Research ethics is chosen as the topic of this post. As defined by the National Institute of Environmental Health Sciences (1) besides respecting, privacy, and autonomy; during research and for publishing of the research result the following aspects must be considered:
- minimizing harms and risks and maximize benefits
- take special precautions with vulnerable populations
- strive to distribute the benefits and burdens of research fairly
The details of the research integrity concepts are pictured in the following image adopted from “enago academy” website (2).
Research misconduct was defined as fabrication, falsification, or plagiarism (FFP) in 2000 by the US federal government and the Office of Research Integrity (ORI) established in 1993 in the US Department of Health and Human Services (HHS) has been overseeing and researching the integrity of research activities conducted in the field of public health services since 2000. ORI provided a list of research misconduct case summaries, which are reported because of the data falsification, data fabrication, and image manipulation.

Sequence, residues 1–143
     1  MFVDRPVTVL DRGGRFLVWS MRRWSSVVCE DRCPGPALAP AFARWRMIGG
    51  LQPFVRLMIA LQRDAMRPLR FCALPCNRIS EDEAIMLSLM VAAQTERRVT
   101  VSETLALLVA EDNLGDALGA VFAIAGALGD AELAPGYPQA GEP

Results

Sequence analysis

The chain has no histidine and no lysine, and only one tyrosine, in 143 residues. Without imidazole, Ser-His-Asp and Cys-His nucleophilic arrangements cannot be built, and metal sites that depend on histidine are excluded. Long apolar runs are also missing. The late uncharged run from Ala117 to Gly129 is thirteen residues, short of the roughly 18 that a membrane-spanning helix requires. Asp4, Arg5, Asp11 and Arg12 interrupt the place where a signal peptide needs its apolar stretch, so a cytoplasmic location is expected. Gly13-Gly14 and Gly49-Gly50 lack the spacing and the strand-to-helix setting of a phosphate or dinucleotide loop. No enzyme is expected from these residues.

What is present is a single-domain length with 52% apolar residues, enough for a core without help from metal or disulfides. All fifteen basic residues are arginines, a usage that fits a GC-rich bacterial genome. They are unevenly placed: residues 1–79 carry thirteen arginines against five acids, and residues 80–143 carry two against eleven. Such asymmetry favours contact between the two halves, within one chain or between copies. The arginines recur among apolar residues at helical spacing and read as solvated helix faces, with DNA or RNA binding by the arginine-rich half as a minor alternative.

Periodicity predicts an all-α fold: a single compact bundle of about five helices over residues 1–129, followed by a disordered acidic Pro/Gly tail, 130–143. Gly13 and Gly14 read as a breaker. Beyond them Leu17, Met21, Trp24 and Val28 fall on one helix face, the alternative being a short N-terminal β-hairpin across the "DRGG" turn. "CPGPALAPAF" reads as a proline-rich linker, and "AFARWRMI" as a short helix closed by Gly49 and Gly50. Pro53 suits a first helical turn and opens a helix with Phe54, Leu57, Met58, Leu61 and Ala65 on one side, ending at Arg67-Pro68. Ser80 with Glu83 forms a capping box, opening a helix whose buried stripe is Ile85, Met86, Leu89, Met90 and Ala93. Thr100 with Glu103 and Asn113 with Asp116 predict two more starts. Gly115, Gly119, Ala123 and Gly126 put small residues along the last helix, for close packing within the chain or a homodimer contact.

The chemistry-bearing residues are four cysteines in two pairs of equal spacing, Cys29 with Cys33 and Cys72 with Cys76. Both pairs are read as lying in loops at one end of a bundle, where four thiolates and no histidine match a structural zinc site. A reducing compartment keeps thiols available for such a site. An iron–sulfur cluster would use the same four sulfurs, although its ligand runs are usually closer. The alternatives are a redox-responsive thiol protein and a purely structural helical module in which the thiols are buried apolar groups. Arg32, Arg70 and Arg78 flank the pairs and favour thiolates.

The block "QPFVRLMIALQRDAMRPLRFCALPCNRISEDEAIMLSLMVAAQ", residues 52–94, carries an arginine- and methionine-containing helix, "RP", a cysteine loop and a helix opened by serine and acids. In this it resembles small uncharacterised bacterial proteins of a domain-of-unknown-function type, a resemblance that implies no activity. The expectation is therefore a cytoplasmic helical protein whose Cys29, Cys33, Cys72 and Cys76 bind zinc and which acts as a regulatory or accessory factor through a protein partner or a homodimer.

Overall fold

The following paragraph is an example of the case reported on the HHS website (3) and (4).
The misconduct act was recognized in several published papers and one presentation of a granted research. According to the report, the type of misconduct, in this case, was an intentional fabrication and falsification of the data, and image manipulation by Dr. Ramadugu while he was working as a postdoctoral researcher in the University of Michigan.
The researcher intentionally manipulated the result of NMR spectra images of another unrelated research to use as the result of the research which was granted by the National Institute of Health. Due to the falsified reports Dr. Ramadugu was debarred and agreed to be suspended for a period of 5 years by the administrative office.